But nowadays head coaches have a deeper understanding of what we can, and are trying to achieve. Now don't get me wrong, sometimes this still leads to a coach who will just leave you to do your business as long as he has a squad for match-day, but oftentimes this now means that coaches have an almost farfetched view of what they want from the physical development side.

Mark said he was sat in a pre-season meeting, where it came up that the head coach wanted there to be zero players out of action due to hamstring injury. He said "I know that we can work to prevent hamstring injuries so this year I expect no players to miss games due to this" ... (note: it probably wasn't those exact words but to that effect)

Now if I was sat in a meeting and this came up, I think I'd be a little stunned and confused. Anyway, Mark went on to fight his case and sort of explain how that is a little bit of an exaggerated target etc etc.

With this now being said it leads back to our original point - coaches are wiser to our ways, our goals, and effectively they are still in charge of what we try to achieve. After all, we are building up their players to play the type of game that they want them to play. If they want lighter but faster players, we can do that. If they want big, battering ram 2007 Springboks type game-plan, we can do that too (hopefully not).
But now they want to have no injuries. "Ok guys, so yeah this year I want my whole 36-man squad to be available for every single game of the season ... Go get it!"

If this is the case, where even after pleading your case to whoever else happens to be sat in that room the outcome is still the same, where does it leave us?
Cautious is probably the word I'd use. And this is what Mark explained also. He said that coaches now have such a high importance on keeping players healthy, that they wince at the sign of them doing anything particularly taxing. Heavy squats and max effort sprints give these guys the goosebumps at the thought of what could go wrong.

So does this then effect how we program? And how that program get's delivered to the athletes? Are we being too cautious? Does being cautious stop us from truly pushing these athletes to become more physically capable than they were before?

Before the coaches got involved we could push the boundaries a little - if we break one of our 7 back row players by trying to get them to the next level, it's probably ok in the long run because we've got 6 more to cover those 3 spots. Then during the re-hab process we can try to build that player up to higher than they were before, in the hope of stopping it from happening again.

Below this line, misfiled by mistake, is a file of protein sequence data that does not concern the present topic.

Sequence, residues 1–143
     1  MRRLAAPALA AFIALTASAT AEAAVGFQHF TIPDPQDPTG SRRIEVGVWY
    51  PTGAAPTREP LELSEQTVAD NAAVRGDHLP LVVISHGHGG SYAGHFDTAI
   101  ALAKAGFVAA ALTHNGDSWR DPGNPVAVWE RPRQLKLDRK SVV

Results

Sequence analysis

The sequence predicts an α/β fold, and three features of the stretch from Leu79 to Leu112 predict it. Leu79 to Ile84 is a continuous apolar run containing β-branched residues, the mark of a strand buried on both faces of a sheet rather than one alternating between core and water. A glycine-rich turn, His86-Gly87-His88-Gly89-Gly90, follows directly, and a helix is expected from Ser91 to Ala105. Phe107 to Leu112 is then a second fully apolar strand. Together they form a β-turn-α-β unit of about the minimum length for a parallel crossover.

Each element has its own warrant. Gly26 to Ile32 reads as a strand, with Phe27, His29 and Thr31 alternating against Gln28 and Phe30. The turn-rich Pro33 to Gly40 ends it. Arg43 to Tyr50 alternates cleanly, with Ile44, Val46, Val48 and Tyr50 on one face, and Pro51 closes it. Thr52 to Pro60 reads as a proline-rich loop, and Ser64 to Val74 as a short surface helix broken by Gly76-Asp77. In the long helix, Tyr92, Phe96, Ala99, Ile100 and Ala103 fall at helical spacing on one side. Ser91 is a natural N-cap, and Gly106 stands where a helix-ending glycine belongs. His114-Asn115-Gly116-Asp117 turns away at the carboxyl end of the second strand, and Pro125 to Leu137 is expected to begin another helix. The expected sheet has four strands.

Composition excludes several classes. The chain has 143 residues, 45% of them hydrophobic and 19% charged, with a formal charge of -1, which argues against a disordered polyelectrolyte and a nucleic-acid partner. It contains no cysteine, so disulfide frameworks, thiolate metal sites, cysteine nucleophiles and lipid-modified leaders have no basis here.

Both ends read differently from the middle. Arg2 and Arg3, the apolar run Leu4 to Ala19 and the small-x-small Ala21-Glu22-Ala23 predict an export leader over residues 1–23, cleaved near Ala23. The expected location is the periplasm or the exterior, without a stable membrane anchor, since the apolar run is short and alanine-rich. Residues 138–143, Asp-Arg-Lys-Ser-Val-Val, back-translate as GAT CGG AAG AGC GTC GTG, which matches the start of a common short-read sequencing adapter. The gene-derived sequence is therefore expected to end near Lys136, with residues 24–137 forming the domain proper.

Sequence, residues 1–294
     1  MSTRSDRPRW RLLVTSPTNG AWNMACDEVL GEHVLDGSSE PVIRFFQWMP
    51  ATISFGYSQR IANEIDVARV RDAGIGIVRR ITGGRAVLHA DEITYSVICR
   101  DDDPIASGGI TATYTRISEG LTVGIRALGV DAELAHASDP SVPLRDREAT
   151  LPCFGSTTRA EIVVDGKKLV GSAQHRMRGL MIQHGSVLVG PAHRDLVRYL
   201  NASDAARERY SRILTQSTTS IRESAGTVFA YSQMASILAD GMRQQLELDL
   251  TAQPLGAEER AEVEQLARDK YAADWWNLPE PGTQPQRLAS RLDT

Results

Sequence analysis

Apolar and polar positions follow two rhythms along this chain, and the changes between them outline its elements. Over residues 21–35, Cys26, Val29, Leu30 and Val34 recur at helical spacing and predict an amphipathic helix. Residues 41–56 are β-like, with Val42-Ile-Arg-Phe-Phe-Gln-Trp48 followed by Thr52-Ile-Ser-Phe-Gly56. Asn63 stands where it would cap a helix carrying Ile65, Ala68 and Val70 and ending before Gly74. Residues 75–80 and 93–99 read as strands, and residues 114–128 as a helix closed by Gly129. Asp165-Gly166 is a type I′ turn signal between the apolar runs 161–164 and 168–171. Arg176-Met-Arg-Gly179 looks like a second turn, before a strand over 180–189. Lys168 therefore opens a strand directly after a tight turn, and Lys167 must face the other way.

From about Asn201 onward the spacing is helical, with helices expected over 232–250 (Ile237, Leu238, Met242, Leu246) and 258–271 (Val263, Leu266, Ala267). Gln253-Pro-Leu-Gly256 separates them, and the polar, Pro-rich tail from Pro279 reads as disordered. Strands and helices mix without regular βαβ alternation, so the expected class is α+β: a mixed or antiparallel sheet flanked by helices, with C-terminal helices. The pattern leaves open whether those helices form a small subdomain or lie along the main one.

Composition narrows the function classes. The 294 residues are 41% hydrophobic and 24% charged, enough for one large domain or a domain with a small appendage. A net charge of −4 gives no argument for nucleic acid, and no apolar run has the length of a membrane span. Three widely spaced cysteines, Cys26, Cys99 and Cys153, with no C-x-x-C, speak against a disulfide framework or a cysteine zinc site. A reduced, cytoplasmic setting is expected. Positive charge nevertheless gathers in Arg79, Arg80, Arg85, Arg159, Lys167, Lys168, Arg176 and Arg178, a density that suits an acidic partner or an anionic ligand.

Now we may be limited by coaches, which means that yes we can still make progress with players, but have to do so in a much different environment by looking at a longer-term approach. The fear of having a player inactive due to injury, seems to be out-weighing our desire to push the limits and see what these athletes are capable of.

Another interesting side note - freak incidents are still going to happen. So you could do all the pre-hab you want, but at some point it's pretty likely that someone might blow their knee-out, or get a concussion or whatever else. Sure we can minimise the likelihood for soft tissue injury, but freak accidents happen.

Make of this what you will, I just found that it was a very interesting conversation about how our profession is changing, and will continue to change. You never know, maybe at some point it will have gone full circle, but we'll have to wait and see.

So for now - where do you want to be? Pushing those limits to create the best athletes that you can, or limiting the potential for progress by the over-bearing threat of injury? Maybe the head coach will make that choice for you.

Thanks for reading,

Rob Nitman.
BSc (Hons). ASCC.

Sunday, 20 September 2015

Creating your own "Movement Menu"

If you are a regular gym user, whether for the purpose of strength, aesthetics, or sports performance, you no doubt at some point get confused with all the do’s and don’ts, and the variety of different styles of training you can use, fancy new tools and whatever else may pop up in the media.

A lot of this can get simplified by taking programming out of your own hands by employing a coach, or by following a program written out in your favourite magazine or website.

But for those of you who enjoy being in charge of your own training, it is important to know two things:
1 – What your goal is
2 – How best to achieve that goal

Knowing your goal is hugely important to anyone who trains. Whether you want to deadlift 350kg, complete a 90 minute game of football without your lungs feeling like they’re going to explode, want to lose excess body fat to look better in a bikini, or simply try to stay healthy for longer, keeping that goal firmly in your sights is key.

Knowing how to get there is the tricky part. A lot of people know the destination, but there will often be forks in the road along the way where you don’t know whether to go left or right.

The majority of my work is done with strength athletes and sports people, and whether I work with them in a team setting, one-to-one, or through online coaching, my principles stay the same.

I’m a big believer in keeping things simple, doing the basics to a very high standard, and then building from there. If you don’t have a solid base of foundations, then you’ll never be able to build a high peak.

And from those principles I think it is important for athletes to always complete a comprehensive total body program that incorporates various different movements, to develop complete strength and power, whilst limiting the risk for injury.